An 83-year-old Caucasian male presented with an anterior scalp tumour that was suggestive of a keratoacanthoma clinically. His past medical history was significant for chronic obstructive pulmonary disease, renal insufficiency, thromboembolic disease, gout, osteoarthritis and chronic polymyalgia rheumatica, for which he took prednisone 3 mg daily for twelve years without adverse effects. The initial scalp tumour was excised, and histopathology confirmed an ulcerated, moderately-differentiated squamous cell carcinoma which extended into the subcutis, with clear margins.

The patient presented six months later with a crop of recurrent scalp tumours. Clusters of crateriform tumours measuring between five and ten centimetres in diameter appeared on the anterior and lateral aspect of the scalp (Figure 1). The tumours were inflamed with purulent discharge and contained large keratin cores. A subsequent scalp biopsy revealed poorly-differentiated, deeply penetrating SCC with focal infundibulocystic differentiation on haematoxylin & eosin (H & E) stain (Figures 2a & 2b). Computed tomography (CT) imaging demonstrated tumour abutting the skull table without bony involvement and excluded metastatic disease. The patient was admitted to a tertiary referral-centre for multi-disciplinary care and commenced on oral acitretin 50 mg daily as well as oral antibiotics.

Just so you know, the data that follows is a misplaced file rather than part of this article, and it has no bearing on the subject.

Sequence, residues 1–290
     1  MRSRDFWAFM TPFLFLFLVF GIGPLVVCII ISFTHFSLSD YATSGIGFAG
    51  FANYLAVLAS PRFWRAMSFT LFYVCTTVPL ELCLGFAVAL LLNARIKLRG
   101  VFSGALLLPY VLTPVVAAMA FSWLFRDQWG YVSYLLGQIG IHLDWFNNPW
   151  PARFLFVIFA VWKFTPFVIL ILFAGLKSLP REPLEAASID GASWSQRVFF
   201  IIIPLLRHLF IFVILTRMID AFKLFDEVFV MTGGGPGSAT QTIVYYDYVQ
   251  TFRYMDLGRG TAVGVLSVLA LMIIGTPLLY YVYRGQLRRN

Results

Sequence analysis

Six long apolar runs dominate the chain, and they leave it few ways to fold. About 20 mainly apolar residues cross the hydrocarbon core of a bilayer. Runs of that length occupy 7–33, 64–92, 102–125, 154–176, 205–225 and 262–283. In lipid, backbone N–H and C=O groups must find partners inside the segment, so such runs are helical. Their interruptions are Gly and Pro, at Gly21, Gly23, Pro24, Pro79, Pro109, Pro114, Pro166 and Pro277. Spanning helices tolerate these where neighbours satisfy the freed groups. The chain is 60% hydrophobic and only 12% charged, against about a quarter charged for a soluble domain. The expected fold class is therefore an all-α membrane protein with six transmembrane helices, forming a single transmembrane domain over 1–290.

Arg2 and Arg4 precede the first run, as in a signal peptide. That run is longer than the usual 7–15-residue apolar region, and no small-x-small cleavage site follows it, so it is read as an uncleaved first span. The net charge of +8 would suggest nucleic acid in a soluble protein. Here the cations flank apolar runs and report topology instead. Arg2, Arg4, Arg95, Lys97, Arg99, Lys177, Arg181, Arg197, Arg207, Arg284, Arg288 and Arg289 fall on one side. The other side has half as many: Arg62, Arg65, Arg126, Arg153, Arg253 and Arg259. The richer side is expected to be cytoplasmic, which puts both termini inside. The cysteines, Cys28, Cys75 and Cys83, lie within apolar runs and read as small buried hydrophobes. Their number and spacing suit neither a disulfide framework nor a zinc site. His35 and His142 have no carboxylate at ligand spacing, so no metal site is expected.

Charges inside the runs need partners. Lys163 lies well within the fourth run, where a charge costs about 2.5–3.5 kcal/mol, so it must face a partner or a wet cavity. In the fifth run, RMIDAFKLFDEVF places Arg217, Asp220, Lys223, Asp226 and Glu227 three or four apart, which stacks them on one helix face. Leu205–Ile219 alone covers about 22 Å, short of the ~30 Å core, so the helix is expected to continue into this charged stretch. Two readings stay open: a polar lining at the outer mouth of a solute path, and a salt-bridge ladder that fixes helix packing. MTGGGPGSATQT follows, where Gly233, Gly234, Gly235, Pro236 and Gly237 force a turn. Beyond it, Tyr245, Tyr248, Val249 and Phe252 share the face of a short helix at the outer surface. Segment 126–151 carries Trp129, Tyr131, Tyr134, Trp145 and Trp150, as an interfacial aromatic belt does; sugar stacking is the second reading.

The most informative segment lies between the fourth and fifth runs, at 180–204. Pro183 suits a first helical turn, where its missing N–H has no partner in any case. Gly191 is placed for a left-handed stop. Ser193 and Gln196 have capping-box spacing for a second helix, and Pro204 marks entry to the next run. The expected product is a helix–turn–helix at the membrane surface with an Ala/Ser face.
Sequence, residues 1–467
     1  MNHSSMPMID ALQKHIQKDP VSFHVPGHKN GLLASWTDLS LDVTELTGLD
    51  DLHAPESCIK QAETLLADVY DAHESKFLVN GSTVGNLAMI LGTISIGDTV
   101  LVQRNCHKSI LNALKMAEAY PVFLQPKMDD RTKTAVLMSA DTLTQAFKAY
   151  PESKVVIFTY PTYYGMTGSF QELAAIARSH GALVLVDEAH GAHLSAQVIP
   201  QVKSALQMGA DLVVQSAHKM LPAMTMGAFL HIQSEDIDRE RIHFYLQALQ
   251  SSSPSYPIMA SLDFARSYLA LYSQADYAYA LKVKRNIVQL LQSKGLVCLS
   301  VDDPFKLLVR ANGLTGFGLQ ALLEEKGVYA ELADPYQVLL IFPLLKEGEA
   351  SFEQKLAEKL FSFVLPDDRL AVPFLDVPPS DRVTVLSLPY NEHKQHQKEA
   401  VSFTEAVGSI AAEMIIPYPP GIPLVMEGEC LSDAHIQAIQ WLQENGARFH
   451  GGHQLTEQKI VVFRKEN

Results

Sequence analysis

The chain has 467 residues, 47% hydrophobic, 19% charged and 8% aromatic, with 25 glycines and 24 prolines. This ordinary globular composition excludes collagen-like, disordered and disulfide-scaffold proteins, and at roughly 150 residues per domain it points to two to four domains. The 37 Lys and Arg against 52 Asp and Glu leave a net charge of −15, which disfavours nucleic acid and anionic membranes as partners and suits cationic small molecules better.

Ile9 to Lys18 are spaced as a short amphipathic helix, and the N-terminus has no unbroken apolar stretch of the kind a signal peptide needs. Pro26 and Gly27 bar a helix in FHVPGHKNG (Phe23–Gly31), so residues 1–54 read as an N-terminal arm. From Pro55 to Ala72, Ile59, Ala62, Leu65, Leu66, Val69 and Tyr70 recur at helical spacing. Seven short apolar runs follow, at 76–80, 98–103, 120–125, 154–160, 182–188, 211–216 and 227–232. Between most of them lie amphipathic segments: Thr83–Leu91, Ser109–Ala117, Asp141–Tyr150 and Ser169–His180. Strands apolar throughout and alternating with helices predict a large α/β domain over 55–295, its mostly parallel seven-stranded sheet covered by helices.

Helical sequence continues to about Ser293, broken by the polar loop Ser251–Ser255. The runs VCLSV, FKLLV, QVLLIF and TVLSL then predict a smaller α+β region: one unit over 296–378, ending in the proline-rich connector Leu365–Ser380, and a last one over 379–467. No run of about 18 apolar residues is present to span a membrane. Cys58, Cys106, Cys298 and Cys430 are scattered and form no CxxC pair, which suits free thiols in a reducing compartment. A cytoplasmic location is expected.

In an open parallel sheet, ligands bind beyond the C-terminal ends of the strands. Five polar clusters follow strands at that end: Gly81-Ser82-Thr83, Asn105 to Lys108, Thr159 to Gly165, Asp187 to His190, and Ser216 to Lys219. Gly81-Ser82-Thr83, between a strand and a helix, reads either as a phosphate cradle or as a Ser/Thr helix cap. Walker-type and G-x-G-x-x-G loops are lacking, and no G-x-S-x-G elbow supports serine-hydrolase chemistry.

Figure 1 Cutaneous squamous cell carcinomas of the scalp.
Figure 2 (a) Punch biopsy specimen demonstrating a deeply penetrating squamous cell carcinoma (haematoxylin & eosin (H&E) stain, original magnification x 1.25). (b) High-power view of poorly-differentiated squamous cell carcinoma (H&E stain, original magnification x 40).